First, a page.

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DeBoer v. Snyder - Additional Citation

DeBoer v. Snyder - Additional Citation

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Published by Equality Case Files
Deboer v. Snyder (Michigan) Additional Citation accompanying motion for emergency stay
Deboer v. Snyder (Michigan) Additional Citation accompanying motion for emergency stay

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Published by: Equality Case Files on Mar 21, 2014
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Bishop v. U.S. ex rel. Holder, --- F.Supp.2d ---- (2014)
 © 2014 Thomson Reuters. No claim to original U.S. Government Works.1
2014 WL 116013United States District Court,N.D. Oklahoma.Mary BISHOP, Sharon Baldwin, SusanBarton, and Gay Phillips, Plaintiffs, v.UNITED STATES of America, ex rel. Eric H.HOLDER, Jr., in his official capacity as Attorney General of the United States of America; and Sally Howe Smith, in her official capacity as Court Clerk for Tulsa County, State of Oklahoma, Defendants,Bipartisan Legal Advisory Group of the U.S.House of Representatives, Intervenor–Defendant.No. 04–CV–848–TCK–TLW. | Jan. 14, 2014.
SynopsisBackground:
 Lesbian couples brought action against variousgovernment officials claiming that Defense of MarriageAct (DOMA) section which functioned to deprive same-sex married couples of federal benefits, and amendmentto Oklahoma constitution limiting marriage to opposite-sex couples violated due process and equal protection.Defendants' motion to dismiss was granted in part anddenied in part, 447 F.Supp.2d 1239. State appealed. TheCourt of Appeals, Terrence L. O'Brien, Circuit Judge,333 Fed.Appx. 361, 2009 WL 1566802, reversed in part.On remand, plaintiffs filed amended complaint adding theAttorney General and county's court clerk as defendants, andthe complaint was dismissed as to state of Oklahoma, 2009WL 4505951. Plaintiffs moved for summary judgment andfor entry of final judgment, court clerk moved for summary judgment, and Attorney General moved to dismiss.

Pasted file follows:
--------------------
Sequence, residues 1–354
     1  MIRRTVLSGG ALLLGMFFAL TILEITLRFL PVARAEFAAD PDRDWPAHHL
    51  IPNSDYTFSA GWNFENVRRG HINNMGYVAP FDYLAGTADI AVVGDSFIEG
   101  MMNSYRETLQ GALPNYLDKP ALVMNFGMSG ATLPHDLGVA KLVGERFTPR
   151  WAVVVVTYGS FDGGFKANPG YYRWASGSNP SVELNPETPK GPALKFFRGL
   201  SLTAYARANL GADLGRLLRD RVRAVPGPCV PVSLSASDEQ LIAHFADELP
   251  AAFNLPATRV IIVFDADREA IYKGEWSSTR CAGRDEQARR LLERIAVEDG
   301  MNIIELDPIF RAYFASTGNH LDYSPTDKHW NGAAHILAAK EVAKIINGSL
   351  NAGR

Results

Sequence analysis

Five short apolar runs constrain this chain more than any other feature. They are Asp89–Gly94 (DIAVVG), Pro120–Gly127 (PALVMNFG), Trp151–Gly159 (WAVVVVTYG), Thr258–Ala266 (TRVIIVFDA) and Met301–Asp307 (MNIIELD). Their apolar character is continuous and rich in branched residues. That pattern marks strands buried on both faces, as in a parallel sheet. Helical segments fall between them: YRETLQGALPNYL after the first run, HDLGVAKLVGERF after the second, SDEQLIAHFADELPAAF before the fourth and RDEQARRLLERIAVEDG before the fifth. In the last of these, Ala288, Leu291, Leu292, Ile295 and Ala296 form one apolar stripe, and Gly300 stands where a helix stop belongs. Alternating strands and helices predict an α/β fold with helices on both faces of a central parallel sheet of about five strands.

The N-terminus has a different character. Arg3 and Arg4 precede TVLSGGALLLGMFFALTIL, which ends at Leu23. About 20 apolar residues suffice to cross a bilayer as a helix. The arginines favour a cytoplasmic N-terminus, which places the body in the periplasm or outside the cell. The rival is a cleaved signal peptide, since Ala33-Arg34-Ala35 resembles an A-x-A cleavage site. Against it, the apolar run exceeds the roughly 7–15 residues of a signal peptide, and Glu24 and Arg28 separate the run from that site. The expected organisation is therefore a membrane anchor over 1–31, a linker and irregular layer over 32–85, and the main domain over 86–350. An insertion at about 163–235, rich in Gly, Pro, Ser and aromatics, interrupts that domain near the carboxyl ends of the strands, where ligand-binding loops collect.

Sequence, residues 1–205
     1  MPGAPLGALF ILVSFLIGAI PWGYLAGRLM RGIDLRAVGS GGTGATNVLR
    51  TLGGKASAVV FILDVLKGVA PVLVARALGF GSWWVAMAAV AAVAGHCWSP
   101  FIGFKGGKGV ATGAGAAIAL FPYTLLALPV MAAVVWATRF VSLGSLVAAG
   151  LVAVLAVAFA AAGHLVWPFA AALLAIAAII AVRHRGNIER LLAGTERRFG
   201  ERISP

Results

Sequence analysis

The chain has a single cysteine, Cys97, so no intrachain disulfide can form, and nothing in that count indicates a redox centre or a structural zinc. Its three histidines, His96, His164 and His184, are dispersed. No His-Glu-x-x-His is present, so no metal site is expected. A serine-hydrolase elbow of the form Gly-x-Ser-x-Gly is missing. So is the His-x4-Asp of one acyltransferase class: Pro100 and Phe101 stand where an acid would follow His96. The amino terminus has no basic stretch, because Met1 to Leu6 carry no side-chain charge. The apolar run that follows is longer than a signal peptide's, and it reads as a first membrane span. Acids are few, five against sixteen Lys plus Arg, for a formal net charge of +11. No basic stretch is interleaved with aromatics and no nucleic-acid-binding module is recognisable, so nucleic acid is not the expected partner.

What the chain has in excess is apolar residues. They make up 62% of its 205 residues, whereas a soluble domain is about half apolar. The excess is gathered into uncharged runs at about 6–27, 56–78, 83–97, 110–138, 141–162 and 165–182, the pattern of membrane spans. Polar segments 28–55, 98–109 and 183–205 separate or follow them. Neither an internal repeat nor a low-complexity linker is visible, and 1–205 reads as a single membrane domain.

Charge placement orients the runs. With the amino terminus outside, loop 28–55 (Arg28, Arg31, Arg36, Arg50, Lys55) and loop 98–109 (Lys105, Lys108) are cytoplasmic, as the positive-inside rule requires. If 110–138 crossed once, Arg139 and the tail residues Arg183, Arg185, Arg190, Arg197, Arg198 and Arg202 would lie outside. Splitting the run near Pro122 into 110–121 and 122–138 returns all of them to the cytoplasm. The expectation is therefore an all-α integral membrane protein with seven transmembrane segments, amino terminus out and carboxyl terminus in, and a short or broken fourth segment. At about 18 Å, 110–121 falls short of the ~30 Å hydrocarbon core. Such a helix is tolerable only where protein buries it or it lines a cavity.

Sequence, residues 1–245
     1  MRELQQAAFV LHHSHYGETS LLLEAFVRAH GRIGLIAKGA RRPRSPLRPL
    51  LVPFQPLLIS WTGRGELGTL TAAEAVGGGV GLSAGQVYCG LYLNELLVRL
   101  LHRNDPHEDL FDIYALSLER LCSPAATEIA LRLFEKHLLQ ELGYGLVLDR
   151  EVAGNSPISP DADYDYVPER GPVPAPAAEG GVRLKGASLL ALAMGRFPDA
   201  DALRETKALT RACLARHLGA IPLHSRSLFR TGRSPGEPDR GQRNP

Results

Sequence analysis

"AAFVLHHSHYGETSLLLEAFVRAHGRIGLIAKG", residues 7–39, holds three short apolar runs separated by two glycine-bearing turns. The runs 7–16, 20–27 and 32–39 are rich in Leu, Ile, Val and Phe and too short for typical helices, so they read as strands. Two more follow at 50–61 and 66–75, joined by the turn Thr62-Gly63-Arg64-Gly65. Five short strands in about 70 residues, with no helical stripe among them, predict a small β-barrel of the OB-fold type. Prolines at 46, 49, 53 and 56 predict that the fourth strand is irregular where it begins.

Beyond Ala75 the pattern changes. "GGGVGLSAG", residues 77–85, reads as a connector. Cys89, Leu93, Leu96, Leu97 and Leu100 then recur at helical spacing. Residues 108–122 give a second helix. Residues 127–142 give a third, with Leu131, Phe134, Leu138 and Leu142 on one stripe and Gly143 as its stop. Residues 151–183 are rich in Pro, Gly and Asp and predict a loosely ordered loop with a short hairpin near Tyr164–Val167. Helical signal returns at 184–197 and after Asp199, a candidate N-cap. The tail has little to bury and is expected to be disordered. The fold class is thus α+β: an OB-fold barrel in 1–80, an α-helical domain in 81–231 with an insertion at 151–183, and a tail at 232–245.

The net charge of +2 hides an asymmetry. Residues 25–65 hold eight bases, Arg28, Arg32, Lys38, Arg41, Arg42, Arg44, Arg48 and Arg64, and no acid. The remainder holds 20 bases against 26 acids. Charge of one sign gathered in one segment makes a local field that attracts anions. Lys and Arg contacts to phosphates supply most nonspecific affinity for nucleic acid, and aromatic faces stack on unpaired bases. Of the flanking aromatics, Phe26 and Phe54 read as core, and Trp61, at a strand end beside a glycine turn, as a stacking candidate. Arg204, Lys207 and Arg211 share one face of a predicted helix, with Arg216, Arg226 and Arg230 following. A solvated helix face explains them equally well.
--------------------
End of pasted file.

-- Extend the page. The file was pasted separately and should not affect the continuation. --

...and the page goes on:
Holdings:
 The District Court, Terence C. Kern, J., held that:[1] plaintiffs lacked standing to challenge DOMA's non-recognition provision;[2] plaintiffs' claim for declaratory relief regarding DOMA'sdefinition of “marriage” was moot;[3] plaintiffs lacked standing to challenge amendment toOklahoma constitution prohibiting recognition of same-sexmarriages; but[4] plaintiffs had standing to challenge amendment toOklahoma constitution defining “marriage”;[5] Oklahoma constitution's definition of “marriage”intentionally discriminated between groups of persons;[6] state's interest in promoting morality did not justifyOklahoma constitution's definition of “marriage”; and[7] Oklahoma constitution's definition of “marriage” was notrationally related to state's other interests.Ordered accordingly.
West CodenotesHeld Unconstitutional
Okla.Const. Art. 2, § 35(A).
Recognized as Unconstitutional
1 U.S.C.A. § 7.
Attorneys and Law Firms
Don G. Holladay, James E. Warner, Holladay & Chilton PLLC, Laura Lea Eakens, Jennings Cook & Teague PC, Oklahoma City, OK, Timothy P. Studebaker, Studebaker &Worley PLLC, Phillip Craig Bailey, P. Craig Bailey, Tulsa, OK, for Plaintiffs.Austin R. Nimocks, Alliance Defense Fund, Judson OwenLittleton, W. Scott Simpson, Washington, DC, Brian W. Raum, James A. Campbell, Byron J. Babione, Holly L. Carmichael, Alliance Defending Freedom, Scottsdale,AZ, Dale Michael Schowengerdt, Alliance Defense Fund,Leawood, KS, John David Luton, Tulsa, OK, for Defendants.Kerry W. Kircher, U.S. House of Representatives Officeof General Counsel, Washington, DC, for Intervenor–Defendant.
Opinion
OPINION AND ORDER
TERENCE C. KERN, District Judge.
*1
 This Order addresses challenges to state and federallaws relating to same-sex marriage. The Court holds that
 Case: 14-1341 Document: 006111998376 Filed: 03/21/2014 Page: 1
(1 of 31)
 
Bishop v. U.S. ex rel. Holder, --- F.Supp.2d ---- (2014)
 © 2014 Thomson Reuters. No claim to original U.S. Government Works.2
Oklahoma's constitutional amendment limiting marriage toopposite-sex couples violates the Equal Protection Clauseof the Fourteenth Amendment to the U.S. Constitution. TheCourt lacks jurisdiction over the other three challenges.
I. Factual Background